Water Water Everywhere
   Sound Water Use

Most of the Earth’s water is not readily available for human use. 97% of the Earth’s water is contained in our oceans, and 2% is frozen. We get the water we use from the remaining 1% which comes from two places: the Earth’s surface – (rivers, lakes and streams), or from groundwater.


Saving water is as important as keeping it clean. Water use in Washington has generally been extravagant, reflecting the assumption that our supplies are unlimited. New realities challenge that assumption. Conflicts over water resources are surfacing all over the state. The Puget Sound basin is no exception.

Legislation now requires home builders to prove that sufficient drinking water is available before a building permit is issued. Growth in central Puget Sound has forced water suppliers to consider new wells and stream diversions. Groundwater, the water we draw upon with our wells, is limited. The development of new surface water supplies is controversial due to conflicts with in stream water needs.

When we turn on the faucet, we expect clear, clean, and immediate water. We also expect our crops to be irrigated and the fish in our rivers to thrive. Industries that rely heavily on water, such as food processing and pulp and paper mills expect their water too. So do the utilities which supply energy to our communities. Fish and wildlife habitats need water to survive. Everywhere, the demand for water increases while the supply remains fixed.

Clearly, we must conserve water. Reduction in water usage saves more than the water itself. Water conservation helps protect Puget Sound by reducing the demand on septic systems and sewage treatment plants. When we use less water, the reduced volume entering our sewage treatment plants also needs fewer chemicals and the plants use less energy to operate. Conservation may reduce the need for new or expanded sewage treatment facilities. The tax dollars saved by not having to expand existing plants can be used to improve water treatment techniques.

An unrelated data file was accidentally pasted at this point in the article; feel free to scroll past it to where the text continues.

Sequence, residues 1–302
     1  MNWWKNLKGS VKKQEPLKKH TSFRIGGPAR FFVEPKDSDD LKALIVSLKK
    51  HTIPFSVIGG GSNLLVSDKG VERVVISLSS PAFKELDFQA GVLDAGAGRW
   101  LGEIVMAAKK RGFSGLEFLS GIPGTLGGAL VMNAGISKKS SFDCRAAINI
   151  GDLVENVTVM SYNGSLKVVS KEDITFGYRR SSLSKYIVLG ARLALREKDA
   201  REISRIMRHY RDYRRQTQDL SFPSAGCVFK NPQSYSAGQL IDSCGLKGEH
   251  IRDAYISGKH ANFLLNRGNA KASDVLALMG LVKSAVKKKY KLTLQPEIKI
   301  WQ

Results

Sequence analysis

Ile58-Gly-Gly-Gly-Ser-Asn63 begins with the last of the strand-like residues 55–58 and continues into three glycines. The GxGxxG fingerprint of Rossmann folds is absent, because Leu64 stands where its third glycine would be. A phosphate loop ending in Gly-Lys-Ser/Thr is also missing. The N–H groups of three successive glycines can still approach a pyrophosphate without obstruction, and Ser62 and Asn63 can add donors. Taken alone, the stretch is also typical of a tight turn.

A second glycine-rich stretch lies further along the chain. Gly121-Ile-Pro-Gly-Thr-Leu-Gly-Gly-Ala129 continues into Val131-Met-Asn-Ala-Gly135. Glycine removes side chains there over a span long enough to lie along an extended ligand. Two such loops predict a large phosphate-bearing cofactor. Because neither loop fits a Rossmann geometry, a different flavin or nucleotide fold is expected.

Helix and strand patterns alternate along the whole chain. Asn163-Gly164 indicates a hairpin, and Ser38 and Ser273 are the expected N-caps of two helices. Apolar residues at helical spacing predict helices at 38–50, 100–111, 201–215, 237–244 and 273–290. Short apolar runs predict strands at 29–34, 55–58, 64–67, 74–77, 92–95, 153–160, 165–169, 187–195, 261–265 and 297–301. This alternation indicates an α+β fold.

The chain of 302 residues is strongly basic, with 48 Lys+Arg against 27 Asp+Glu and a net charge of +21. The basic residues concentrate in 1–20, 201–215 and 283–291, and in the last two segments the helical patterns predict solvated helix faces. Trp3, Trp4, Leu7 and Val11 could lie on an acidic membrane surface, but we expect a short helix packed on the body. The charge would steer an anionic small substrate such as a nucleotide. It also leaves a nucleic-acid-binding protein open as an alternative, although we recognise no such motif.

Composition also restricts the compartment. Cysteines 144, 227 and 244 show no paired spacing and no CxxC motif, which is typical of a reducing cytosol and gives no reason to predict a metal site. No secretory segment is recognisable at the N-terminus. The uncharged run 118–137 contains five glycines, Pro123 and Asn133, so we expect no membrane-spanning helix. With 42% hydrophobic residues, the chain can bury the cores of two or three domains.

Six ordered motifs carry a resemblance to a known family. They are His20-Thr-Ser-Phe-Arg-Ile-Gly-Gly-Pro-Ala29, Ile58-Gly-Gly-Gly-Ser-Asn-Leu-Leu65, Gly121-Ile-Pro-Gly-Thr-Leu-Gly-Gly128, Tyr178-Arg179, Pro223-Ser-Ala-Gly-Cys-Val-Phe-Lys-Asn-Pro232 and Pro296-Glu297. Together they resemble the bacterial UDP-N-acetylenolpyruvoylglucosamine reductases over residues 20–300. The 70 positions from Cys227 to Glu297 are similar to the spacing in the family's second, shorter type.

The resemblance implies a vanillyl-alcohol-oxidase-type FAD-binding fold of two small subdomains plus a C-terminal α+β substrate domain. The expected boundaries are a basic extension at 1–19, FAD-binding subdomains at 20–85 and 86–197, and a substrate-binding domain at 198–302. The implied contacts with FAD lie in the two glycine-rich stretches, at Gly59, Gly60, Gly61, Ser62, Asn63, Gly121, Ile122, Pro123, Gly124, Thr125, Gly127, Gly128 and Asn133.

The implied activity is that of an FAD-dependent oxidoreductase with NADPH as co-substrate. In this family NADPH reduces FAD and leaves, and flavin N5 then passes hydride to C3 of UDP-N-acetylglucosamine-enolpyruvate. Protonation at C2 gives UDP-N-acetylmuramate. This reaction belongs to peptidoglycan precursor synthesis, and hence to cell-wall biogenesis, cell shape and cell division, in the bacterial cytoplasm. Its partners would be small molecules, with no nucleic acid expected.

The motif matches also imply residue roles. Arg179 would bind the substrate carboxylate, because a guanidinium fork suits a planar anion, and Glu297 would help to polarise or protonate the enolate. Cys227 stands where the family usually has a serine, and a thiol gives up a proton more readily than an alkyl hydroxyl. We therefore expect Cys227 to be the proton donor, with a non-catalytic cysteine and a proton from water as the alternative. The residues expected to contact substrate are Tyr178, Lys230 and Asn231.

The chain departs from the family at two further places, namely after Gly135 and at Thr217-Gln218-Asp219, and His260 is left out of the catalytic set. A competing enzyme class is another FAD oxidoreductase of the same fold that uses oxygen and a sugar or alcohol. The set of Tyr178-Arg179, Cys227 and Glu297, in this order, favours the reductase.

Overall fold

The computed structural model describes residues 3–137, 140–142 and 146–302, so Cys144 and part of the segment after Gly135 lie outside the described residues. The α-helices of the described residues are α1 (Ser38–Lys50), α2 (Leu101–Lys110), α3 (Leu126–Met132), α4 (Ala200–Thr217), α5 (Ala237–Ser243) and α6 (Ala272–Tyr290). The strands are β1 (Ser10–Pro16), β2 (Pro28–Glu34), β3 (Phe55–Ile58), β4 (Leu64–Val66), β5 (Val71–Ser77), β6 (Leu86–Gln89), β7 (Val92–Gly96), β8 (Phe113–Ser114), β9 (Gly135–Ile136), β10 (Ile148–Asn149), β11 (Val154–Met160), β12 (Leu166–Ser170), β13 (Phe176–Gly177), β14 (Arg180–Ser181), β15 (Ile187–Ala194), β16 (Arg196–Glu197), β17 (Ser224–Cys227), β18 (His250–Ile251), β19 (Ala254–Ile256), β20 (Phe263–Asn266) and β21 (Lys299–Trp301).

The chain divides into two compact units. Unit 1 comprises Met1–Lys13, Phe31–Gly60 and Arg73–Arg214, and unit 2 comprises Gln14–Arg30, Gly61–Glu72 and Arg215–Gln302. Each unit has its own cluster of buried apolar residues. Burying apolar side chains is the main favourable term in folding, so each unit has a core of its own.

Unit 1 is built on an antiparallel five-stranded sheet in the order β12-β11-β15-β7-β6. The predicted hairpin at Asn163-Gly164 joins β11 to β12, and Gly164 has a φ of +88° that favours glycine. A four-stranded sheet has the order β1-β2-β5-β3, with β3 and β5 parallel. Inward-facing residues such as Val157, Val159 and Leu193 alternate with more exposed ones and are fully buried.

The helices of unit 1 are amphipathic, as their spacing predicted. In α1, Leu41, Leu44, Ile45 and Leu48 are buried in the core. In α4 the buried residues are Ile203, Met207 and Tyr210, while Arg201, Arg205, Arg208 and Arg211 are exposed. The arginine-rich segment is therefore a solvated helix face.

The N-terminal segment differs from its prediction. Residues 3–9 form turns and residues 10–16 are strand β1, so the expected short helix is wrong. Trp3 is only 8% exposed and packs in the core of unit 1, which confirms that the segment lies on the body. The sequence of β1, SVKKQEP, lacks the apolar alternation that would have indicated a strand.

Water conservation protects the streams of the Puget Sound watershed by reducing the need for diversions, maintaining water flows which support abundant aquatic life. Water conservation helps protect streams indirectly, as well. Since 20% of your home’s energy is spent to heat water, saving hot water means saving energy. Saving energy can help save the fish and wildlife habitat that would be lost if more dams and power plants have to be built.

Conserving water also saves you money if your water system is metered. If you now pay a flat rate for water use, yon can expect this to change as public utilities move to collect the costs of extra water usage. If your sewage treatment costs are based on water consumption, water conservation can save you additional money.

Every day, we each use some 100 gallons of water. Stop and think about how little of this you actually drink. Most of us can decrease water consumption in our homes by 15-20% without major discomfort or expense. All we have to do is acquire good water use habits.

Many of us developed our water use habits before the time of water shortages and water quality problems. Now that we understand the impacts of the way we use water, it should be easy to make water conservation a part of our everyday lives.

   Here are some tips to get you started….

Water use tips around the house and yard